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Episode 1121—Air Date: May 21, 2011

This week on National Geographic Weekend host Boyd Matson speaks with guests about sailing from San Francisco to Sydney, Australia, on a boat that’s falling apart, spreading peace in the Middle East one tourist at a time, surfboards without fins, the mysterious world of squid, naked penguins, a family of chimpanzees in Canada, the social network of ants, a new ozone hole, the superorganism that is the human race, and packing for a night in Paris.

HOUR 1

• Filmmaker Max Jourdan says he didn’t know what he was getting into when he agreed to sail from San Francisco to Sydney, Australia, aboard David de Rothschild’s brainchild, the Plastiki—a boat built from 12,500 plastic bottles. Jourdan’s film, Voyage of the Plastiki, is showing at film festivals around the country and on the National Geographic Channel.

• 2011 National Geographic Emerging Explorer Aziz Abu Sarah lost his brother to the Israel-Palestine conflict, but instead of seeking revenge, he has spent the last ten years working as a peace activist. Abu Sarah joins Boyd in the studio to talk about his efforts to promote peace through Middle East tourism.

National Geographic Adventure’s gear guru, Steve Casimiro joins Boyd to talk about finless surfboards and tracking devices for your luggage.

• Author Wendy Williams speaks to Boyd about her new book Kraken: The Curious, Exciting, and Slightly Disturbing Science of Squid.

• This week David Braun, editor of National Geographic Daily News, talks about naked penguins and floating rafts of ants.

HOUR 2

• In his new book The Chimps of Fauna Sanctuary, author Andrew Westoll shares the harrowing tale of a group of chimps rescued from a research lab and sent to a special sanctuary.

• Author, photographer, and scientist Mark Moffett loves ants—so much so that he’ll let them swarm all over his arms, neck, and face in order to take their picture. Despite the bites he endured, Moffett managed to capture astounding pictures for "Sisterhood of Weaver Ants," in the May issue of National Geographic magazine.

Bryan Johnson, a scientist at NOAA’s Earth System Research Laboratory in Boulder, Colorado, joins Boyd to talk about the growing ozone hole over the Arctic.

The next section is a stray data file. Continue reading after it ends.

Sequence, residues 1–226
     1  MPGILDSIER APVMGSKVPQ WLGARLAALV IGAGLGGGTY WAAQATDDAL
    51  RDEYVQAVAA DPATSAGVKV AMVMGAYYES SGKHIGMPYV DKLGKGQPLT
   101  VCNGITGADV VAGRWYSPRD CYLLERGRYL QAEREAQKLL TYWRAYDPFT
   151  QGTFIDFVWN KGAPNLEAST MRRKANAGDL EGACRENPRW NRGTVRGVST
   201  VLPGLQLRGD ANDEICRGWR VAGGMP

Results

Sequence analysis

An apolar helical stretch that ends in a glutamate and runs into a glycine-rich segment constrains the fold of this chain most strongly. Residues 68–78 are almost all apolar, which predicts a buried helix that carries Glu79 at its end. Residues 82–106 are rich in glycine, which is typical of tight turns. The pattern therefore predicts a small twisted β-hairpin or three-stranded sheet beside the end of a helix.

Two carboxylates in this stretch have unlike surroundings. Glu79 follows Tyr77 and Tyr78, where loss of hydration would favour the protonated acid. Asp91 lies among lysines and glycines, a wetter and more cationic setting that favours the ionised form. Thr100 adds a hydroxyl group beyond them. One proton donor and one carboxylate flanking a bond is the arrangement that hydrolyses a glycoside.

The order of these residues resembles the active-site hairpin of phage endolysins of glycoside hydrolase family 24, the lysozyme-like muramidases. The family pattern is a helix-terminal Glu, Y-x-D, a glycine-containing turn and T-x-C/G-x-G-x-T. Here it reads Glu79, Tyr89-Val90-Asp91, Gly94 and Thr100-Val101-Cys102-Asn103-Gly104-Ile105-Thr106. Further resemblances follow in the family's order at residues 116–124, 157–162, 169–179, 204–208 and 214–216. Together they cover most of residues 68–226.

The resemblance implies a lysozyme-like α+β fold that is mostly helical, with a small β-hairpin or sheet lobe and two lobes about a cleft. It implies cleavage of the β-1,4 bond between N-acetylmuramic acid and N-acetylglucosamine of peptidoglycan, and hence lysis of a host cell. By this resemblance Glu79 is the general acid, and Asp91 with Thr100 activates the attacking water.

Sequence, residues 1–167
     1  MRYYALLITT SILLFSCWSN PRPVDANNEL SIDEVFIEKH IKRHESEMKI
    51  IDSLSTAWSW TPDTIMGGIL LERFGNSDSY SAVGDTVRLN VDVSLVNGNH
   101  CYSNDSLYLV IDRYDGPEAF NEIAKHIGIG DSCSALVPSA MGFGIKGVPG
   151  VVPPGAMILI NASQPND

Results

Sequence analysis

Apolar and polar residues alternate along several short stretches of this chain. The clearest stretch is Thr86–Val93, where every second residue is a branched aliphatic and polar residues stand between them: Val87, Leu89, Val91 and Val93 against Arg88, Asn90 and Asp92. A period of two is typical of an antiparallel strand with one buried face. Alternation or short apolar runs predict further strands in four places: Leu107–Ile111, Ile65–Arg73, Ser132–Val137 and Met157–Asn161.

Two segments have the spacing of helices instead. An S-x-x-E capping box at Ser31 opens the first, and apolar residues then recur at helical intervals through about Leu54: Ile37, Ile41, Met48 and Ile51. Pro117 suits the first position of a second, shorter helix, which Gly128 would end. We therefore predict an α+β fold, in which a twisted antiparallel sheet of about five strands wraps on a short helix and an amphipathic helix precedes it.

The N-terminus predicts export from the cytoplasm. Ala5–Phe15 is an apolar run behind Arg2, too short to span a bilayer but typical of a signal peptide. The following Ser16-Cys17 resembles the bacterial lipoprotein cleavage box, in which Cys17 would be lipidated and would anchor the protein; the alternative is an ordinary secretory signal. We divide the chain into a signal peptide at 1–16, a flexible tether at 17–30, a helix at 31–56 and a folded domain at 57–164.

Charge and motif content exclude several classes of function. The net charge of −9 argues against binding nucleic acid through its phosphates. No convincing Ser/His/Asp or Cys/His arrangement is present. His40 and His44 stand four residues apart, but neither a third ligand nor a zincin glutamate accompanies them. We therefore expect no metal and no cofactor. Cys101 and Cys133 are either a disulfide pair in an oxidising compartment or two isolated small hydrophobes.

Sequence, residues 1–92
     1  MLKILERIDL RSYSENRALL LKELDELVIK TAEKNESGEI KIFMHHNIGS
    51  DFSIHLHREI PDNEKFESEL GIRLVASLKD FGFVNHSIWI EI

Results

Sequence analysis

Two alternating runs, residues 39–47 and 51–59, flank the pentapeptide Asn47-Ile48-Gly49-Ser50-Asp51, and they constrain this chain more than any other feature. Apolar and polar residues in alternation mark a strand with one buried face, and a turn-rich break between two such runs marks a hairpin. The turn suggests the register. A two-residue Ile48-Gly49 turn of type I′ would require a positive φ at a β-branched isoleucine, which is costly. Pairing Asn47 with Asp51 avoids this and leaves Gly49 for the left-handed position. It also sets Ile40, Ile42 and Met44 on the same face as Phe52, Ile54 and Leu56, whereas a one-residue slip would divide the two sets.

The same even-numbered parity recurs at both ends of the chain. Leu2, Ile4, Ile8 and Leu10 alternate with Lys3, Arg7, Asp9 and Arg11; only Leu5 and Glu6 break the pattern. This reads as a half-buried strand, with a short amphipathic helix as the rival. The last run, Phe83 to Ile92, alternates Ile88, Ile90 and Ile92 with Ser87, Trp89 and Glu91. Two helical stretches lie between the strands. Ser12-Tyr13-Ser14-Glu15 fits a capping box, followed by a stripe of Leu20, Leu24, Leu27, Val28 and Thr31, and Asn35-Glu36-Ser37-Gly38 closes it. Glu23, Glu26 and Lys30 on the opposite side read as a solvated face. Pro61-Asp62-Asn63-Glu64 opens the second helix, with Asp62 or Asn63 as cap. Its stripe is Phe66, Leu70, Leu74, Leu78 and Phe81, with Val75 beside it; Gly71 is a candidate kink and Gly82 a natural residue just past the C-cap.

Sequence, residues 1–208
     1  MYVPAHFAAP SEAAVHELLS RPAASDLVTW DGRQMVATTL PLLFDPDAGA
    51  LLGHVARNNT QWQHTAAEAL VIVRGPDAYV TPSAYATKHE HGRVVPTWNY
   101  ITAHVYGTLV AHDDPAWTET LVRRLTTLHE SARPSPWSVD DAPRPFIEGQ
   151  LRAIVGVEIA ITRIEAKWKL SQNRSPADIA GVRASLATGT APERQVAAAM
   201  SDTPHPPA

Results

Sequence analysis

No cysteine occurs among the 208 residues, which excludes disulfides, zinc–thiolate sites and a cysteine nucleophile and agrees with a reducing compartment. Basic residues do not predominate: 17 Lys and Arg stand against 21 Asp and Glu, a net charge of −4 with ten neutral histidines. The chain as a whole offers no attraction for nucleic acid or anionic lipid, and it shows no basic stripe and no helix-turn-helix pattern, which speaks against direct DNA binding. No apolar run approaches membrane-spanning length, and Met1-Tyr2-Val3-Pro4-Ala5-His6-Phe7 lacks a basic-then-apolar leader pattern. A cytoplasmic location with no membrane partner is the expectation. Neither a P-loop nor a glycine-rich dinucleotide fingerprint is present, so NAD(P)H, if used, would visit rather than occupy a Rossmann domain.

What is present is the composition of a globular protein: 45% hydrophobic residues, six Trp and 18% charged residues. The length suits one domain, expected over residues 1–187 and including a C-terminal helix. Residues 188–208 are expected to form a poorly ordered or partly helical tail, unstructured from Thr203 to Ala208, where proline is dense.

Tim Flannery’s new book Here on Earth asks us all to reconsider what it means to be human. Boyd talks to Flannery about evolution and the superorganism that the interconnected human species is becoming.

• Despite all his travel, Boyd believes he’s actually getting worse at packing. That’s why he had to schedule a stop in Paris on his latest trip to Africa.

Listen to National Geographic Weekend

Episode 1121—Air Date: May 21, 2011

  • 00:11:00 Max Jourdan

    Filmmaker Max Jourdan says he didn’t know what he was getting into when he agreed to sail from San Francisco to Sydney, Australia, aboard David de Rothschild’s brainchild, the Plastiki—a boat built from 12,500 plastic bottles. Jourdan’s film, Voyage of the Plastiki, is showing at film festivals around the country and on the National Geographic Channel.

  • 00:09:00 Aziz Abu Sarah

    2011 National Geographic Emerging Explorer Aziz Abu Sarah lost his brother to the Israel-Palestine conflict, but instead of seeking revenge, he has spent the last ten years working as a peace activist. Abu Sarah joins Boyd in the studio to talk about his efforts to promote peace through Middle East tourism.

  • 00:06:00 Steve Casimiro

    National Geographic Adventure’s gear guru, Steve Casimiro joins Boyd to talk about finless surfboards and tracking devices for your luggage.

  • 00:08:00 Wendy Williams

    Author Wendy Williams speaks to Boyd about her new book Kraken: The Curious, Exciting, and Slightly Disturbing Science of Squid.

  • This week David Braun, editor of National Geographic Daily News, talks about naked penguins and floating rafts of ants.

  • 00:11:00 Andrew Westoll

    In his new book The Chimps of Fauna Sanctuary, author Andrew Westoll shares the harrowing tale of a group of chimps rescued from a research lab and sent to a special sanctuary.

  • 00:09:00 Mark Moffett

    Author, photographer and scientist Mark Moffett loves ants—so much so that he’ll let them swarm all over his arms, neck, and face in order to take their picture. Despite the bites he endured, Moffett managed to capture astounding pictures for “Sisterhood of Weaver Ants,” in the May issue of National Geographic magazine.

  • 00:06:00 Bryan Johnson

    Bryan Johnson is a scientist at NOAA’s Earth System Research Laboratory in Boulder, Colorado, and joins Boyd to talk about the growing ozone hole over the Arctic.

  • 00:08:00 Tim Flannery

    Tim Flannery’s new book Here on Earth asks us all to reconsider what it means to be human. Boyd talks to Flannery about evolution and the superorganism that the interconnected human species is becoming.

  • Despite all his travel, Boyd believes he’s actually getting worse at packing. That’s why he had to schedule a stop in Paris on his latest trip to Africa.